Hemp and cannabis plants are getting a lot of attention as their cultivation, production and use in a variety of products have been increasing across the country. In response, states are developing programs to oversee the industry, ranging from regulating commercial sales of recreational cannabis to encouraging the study of industrial hemp.
Both hemp and cannabis (also known as marijuana) plants are strains of Cannabis sativa L. The major difference between them, according to government definitions, is the amount of tetrahydrocannabinol (THC) contained in them. THC is the chemical that produces a “high,” or altered state of mind, when consumed. Growers and researchers also point to physical differences between the plants. Various parts of the hemp plant—seeds, oil and fiber—can be used for products such as textiles, fuel, personal care, pharmaceuticals, and food and beverages. Medical and recreational cannabis products are usually produced from the flowers and buds of the plant and can contain higher amounts of THC. Growers of both plants choose strains and adopt practices to promote the harvest potential of certain parts of the plant—whether stalks, seeds, leaves or flowers—depending on the intended end product.
A multitude of chemical compounds are found in cannabis plants, with THC and cannabidiols (CBD) being the most notable and commonly studied for medicinal purposes. While THC produces a “high” and may have therapeutic benefits, CBD is non-psychoactive and may also have therapeutic benefits, such as decreasing pain and inflammation. These chemicals are extracted from the plant and typically are concentrated in the resin that coats the leaves and flowers. Although hemp plants may contain varying levels of CBD, there is debate on whether hemp is the best source of CBD for medicinal products. Lawmakers and other stakeholders are looking for clarity in how both of these plants can be grown and processed for products that have medical benefit under state law, and whether they can be sold across state lines.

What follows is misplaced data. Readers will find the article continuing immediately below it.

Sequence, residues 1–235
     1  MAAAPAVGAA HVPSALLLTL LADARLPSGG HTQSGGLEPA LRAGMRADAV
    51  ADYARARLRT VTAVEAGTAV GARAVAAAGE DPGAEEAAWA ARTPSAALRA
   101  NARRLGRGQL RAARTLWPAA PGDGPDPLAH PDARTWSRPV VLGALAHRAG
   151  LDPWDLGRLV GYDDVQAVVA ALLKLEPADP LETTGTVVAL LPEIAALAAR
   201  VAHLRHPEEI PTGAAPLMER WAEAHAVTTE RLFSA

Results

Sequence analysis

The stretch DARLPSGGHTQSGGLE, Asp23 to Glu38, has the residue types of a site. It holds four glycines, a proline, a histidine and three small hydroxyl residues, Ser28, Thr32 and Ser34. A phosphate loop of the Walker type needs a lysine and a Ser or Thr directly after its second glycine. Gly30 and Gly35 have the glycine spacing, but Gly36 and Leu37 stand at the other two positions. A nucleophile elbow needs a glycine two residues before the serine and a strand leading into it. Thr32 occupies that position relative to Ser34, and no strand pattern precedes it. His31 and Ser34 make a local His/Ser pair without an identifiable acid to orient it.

For the past 80 years, cannabis has been illegal under federal law and grown and used illicitly. However, 29 states, the District of Columbia, Guam and Puerto Rico have legalized its production and use for medical purposes, and since 2012 voters in eight states and the District of Columbia have legalized its recreational use for adults. Hemp is also illegal under federal law, although certain parts of the plant that lack significant levels of THC—such as sterilized seeds and products (e.g., cloth and food)—are legal to import and sell in the U.S.